In Review: Ordinary World

This week, we are going to focus on Ordinary World. The song was the lead single off of The Wedding Album, released in December of 1992 in the US, and a month later in the UK. It climbed to #1 on the Billboard Top 40 charts, reigniting the band’s popularity. The song was originally leaked to a radio station in Jacksonville, Florida and proved to be so popular that Capitol had to move up the release date in the US, which is why it was released a month earlier in the US than in the UK.

We would be completely remiss if we didn’t applaud the songwriting of Warren Cuccurullo, as the well-known, brilliant guitar solo was arranged and performed by him. When the fab five reunited nearly a decade later and chose to include this song in their live shows, it was Warren who was brought in to teach Andy how to correctly play the part.

Lyrics

Came in from a rainy Thursday
On the avenue
Thought I heard you talking softly

I turned on the lights, the TV
And the radio
Still I can’t escape the ghost of you

What has happened to it all?
Crazy, some’d say
Where is the life that I recognize?
Gone away

But I won’t cry for yesterday
There’s an ordinary world
Somehow I have to find
And as I try to make my way
To the ordinary world
I will learn to survive

Passion or coincidence
Once prompted you to say
“Pride will tear us both apart”
Well now pride’s gone out the window
Cross the rooftops
Run away
Left me in the vacuum of my heart

What is happening to me?
Crazy, some’d say
Where is my friend when I need you most?
Gone away

But I won’t cry for yesterday
There’s an ordinary world
Somehow I have to find
And as I try to make my way
To the ordinary world
I will learn to survive

Papers in the roadside
Tell of suffering and greed
Here today, forgot tomorrow
Ooh, here besides the news
Of holy war and holy need
Ours is just a little sorrowed talk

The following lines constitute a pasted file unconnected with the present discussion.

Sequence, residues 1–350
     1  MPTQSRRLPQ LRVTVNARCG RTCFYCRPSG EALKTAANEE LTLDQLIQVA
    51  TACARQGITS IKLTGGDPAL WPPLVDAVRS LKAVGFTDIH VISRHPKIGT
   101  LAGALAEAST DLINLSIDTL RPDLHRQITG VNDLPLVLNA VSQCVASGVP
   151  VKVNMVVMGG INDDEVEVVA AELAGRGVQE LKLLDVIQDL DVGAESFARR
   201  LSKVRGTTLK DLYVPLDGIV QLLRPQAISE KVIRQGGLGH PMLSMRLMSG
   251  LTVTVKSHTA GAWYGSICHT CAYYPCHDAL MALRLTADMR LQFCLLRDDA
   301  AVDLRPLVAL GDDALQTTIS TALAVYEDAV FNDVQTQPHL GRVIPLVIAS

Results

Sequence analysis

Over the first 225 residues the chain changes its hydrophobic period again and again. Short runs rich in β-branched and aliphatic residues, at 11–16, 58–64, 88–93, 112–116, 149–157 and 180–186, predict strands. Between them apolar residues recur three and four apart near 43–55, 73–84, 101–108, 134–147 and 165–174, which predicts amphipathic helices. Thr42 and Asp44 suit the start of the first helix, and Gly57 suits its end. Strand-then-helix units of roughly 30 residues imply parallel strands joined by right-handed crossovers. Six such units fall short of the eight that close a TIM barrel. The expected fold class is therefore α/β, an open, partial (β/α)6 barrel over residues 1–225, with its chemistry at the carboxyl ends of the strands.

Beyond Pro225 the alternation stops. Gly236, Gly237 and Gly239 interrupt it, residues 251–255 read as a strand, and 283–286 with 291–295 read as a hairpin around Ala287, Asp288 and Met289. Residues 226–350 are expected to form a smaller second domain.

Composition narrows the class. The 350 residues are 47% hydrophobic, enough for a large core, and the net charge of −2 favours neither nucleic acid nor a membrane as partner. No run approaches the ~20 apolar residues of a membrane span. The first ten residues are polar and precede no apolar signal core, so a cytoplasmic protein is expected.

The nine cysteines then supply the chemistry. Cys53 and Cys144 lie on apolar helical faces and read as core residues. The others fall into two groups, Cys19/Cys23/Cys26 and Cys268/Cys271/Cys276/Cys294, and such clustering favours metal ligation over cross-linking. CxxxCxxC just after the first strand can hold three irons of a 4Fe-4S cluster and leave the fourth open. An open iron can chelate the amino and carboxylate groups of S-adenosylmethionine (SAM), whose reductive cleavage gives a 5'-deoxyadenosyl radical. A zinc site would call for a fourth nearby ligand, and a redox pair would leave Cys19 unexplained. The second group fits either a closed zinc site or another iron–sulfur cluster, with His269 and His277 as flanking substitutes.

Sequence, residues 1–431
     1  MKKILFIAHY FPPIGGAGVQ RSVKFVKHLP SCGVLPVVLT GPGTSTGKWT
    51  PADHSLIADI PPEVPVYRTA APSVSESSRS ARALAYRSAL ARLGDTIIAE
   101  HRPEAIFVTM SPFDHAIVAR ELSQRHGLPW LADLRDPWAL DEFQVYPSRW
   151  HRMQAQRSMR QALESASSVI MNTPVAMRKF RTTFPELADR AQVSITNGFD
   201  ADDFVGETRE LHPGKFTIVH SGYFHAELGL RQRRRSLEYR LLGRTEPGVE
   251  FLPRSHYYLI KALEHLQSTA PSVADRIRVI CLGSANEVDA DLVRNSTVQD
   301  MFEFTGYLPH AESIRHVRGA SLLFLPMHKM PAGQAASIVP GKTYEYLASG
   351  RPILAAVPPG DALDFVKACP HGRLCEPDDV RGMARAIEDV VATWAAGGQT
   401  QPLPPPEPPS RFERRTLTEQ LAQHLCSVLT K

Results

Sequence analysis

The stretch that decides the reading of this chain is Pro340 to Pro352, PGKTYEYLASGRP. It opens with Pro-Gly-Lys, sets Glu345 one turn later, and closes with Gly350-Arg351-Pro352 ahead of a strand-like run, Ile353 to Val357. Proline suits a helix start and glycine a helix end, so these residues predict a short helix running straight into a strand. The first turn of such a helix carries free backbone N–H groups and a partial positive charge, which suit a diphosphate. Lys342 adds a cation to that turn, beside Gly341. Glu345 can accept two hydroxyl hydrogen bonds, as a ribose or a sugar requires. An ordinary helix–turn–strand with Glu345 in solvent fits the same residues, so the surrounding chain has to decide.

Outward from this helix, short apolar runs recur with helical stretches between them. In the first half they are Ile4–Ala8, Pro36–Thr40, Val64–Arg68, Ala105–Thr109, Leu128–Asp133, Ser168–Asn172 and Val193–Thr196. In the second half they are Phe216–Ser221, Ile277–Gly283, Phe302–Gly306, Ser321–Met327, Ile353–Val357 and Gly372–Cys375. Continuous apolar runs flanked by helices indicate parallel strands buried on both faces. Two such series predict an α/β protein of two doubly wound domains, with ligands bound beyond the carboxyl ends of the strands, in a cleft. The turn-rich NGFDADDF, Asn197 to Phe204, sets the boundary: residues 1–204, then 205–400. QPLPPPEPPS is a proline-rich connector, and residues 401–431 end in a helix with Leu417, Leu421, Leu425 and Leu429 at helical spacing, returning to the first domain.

And I don’t cry for yesterday
There’s an ordinary world
Somehow I have to find
And as I try to make my way
To the ordinary world
I will learn to survive

Every one
Is my world, I will learn to survive
Any one
Is my world, I will learn to survive
Any one
Is my world
Every one
Is my world

Video

Rhonda

Look, there is just no arguing the brilliance of this song. Sometimes, you have one song that rises above and just sums up an entire career, or at least one chapter of it – and that is what Ordinary World really is for Duran Duran.

The very first notes heard are the very heart of the song – the gorgeous guitar solo written by Warren Cuccurullo. I do love that there are multiple guitar tracks for the song, and at least one of them sounds acoustic. The ballad itself has a warmth to it as a result, and I think that’s one of the reasons why the public responded so well. The background guitar tracks – done in a method that is far more connected to Warren’s personal experimental and existential style, have an almost haunting quality. The highlights of the song are clearly the guitar part, and of course Simon’s vocals. The rest – drums, bass, and keyboards, do their duty as background players and provide the foundation for the sound.